Whether it is original to John Lennon or not I picked up a favorite quote from him; “Life is what happens while you’re making other plans.” Before we launch in to pick up where we left off we might want to inventory why this is leftover and does it still fit with what I completed and discovered in the last twelve months.


Image via comedy_nose on flickr

After the third day I have kind of had my fill of the leftover ham and turkey. I have to get rid of the bounty of sugar goodies that linger on the shelves and in my secret hiding places. It’s time to end the reprieve and get back to business. Christmas is my favorite season but I’ve learned to greet it warmly and definitively get over it all quickly.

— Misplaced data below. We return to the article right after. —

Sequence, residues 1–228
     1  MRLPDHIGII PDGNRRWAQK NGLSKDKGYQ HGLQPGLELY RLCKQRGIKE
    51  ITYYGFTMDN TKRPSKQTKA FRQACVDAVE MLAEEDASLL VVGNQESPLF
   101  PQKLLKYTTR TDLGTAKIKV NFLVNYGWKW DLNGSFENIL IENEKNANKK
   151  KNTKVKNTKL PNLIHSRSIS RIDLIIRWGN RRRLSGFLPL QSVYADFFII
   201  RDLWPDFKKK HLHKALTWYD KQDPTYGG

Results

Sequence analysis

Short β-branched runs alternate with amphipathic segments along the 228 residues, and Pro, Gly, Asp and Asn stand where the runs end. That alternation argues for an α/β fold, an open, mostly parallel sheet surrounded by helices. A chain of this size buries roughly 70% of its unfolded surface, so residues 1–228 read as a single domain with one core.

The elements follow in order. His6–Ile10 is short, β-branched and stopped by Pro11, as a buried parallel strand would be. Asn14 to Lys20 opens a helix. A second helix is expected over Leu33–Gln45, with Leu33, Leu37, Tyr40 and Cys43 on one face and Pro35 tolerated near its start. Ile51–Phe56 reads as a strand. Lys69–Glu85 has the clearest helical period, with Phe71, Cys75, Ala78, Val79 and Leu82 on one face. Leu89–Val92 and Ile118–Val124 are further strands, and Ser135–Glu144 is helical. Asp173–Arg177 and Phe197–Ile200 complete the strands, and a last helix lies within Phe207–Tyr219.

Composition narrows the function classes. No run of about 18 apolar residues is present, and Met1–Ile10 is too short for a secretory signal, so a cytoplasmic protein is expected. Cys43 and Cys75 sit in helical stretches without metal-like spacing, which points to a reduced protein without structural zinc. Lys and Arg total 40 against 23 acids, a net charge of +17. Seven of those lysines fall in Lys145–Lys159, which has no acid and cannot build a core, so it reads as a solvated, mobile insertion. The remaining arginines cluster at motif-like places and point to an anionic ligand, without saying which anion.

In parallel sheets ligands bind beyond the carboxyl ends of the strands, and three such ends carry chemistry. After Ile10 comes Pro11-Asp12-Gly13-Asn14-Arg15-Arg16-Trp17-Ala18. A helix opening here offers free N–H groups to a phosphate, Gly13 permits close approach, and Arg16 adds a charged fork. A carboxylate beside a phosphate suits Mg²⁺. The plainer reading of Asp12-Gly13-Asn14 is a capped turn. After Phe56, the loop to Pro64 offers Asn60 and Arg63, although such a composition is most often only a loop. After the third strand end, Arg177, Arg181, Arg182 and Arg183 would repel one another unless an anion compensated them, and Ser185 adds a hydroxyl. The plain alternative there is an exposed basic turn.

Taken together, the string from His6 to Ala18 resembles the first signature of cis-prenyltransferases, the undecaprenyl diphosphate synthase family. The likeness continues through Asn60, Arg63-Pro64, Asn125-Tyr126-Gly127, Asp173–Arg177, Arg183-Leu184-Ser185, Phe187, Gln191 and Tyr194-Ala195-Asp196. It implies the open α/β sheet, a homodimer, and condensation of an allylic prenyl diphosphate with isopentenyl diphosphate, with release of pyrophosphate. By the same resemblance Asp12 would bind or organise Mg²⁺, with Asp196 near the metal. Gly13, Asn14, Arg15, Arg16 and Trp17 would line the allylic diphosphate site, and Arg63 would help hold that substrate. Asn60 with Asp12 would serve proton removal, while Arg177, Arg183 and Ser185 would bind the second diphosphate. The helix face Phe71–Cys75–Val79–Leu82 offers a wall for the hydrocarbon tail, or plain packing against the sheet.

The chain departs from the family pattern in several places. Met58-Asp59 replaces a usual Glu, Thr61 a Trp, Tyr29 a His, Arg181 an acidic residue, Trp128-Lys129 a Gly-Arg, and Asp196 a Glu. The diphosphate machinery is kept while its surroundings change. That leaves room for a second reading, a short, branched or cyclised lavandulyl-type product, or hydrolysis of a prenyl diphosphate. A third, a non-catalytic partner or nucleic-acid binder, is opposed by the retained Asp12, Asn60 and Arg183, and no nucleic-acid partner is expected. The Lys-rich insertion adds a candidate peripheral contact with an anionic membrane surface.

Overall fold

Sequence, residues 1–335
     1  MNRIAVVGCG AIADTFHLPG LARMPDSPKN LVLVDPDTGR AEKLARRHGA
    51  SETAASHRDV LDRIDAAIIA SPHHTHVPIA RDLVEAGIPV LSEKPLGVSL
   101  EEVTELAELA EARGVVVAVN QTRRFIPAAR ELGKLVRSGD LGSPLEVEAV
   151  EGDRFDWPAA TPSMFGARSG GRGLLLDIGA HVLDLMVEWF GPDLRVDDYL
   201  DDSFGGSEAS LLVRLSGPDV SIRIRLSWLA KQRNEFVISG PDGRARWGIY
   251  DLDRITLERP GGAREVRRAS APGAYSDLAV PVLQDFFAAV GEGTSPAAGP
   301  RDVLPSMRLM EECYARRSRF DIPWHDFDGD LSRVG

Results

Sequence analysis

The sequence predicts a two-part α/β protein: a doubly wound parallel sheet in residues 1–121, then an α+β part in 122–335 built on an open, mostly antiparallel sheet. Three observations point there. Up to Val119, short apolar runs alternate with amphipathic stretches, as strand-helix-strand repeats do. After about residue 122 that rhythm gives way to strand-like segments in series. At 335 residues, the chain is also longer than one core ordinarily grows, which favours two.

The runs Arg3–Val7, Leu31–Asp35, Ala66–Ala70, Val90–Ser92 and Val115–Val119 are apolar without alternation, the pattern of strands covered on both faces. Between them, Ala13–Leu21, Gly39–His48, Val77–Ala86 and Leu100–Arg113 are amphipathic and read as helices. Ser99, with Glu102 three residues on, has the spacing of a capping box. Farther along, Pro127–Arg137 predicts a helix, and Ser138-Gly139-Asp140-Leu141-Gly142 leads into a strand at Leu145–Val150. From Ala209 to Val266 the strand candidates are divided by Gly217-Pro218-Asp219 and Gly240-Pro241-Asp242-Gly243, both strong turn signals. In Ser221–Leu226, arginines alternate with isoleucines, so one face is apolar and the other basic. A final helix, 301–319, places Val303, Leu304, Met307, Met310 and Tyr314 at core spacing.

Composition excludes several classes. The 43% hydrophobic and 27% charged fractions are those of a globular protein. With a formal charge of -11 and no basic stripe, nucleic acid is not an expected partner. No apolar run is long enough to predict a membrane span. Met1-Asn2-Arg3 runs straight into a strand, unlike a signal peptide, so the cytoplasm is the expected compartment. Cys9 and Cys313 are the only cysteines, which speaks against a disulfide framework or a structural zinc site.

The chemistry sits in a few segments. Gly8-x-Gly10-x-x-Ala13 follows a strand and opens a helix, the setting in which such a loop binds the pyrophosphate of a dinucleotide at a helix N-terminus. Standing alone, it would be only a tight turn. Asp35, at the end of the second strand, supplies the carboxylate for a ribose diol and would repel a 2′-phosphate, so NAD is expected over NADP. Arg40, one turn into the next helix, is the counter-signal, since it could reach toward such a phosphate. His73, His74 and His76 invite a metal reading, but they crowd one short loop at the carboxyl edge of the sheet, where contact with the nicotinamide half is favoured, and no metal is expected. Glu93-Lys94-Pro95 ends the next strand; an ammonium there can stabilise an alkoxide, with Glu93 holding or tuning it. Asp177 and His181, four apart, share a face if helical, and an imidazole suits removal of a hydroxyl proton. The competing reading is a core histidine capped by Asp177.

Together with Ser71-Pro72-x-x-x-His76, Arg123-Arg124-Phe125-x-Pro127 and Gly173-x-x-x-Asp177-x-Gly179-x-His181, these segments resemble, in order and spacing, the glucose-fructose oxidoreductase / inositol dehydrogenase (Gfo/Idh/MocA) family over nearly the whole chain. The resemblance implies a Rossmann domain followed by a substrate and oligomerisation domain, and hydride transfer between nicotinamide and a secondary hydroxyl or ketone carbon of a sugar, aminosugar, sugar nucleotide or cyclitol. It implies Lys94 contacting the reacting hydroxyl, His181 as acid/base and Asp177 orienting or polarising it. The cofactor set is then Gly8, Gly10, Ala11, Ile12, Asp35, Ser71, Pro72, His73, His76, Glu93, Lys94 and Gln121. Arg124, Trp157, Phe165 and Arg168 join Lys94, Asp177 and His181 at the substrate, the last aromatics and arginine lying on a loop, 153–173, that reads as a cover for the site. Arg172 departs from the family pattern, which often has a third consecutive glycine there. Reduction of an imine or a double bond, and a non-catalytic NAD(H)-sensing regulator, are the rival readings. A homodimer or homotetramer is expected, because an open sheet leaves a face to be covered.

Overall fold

My plans for this year are lofty. challenging, and will take more than I am to fulfill. I’m making my choices on purpose. Being more deliberate than I have ever been. I have no thoughts of failing. While I am not oblivious, to the many obstacles and threats facing my best intentions, I know personal resolve is the only way things get done.

think big ryan altamera on flickr

by Ryan Altermera on flickr

I’m stating my objectives clearly, sharing my dreams openly, and I vow to hold myself accountable. I give my inner-circle permission to call me out for any and all excuse making. I’m not the only one counting on me. Others are hoping for my success and will benefit from my achievements. I don’t want to let any of us down.

I’m interested in you, your dreams, and knowing you are reaching your best life. Please let share where you see yourself one year from now.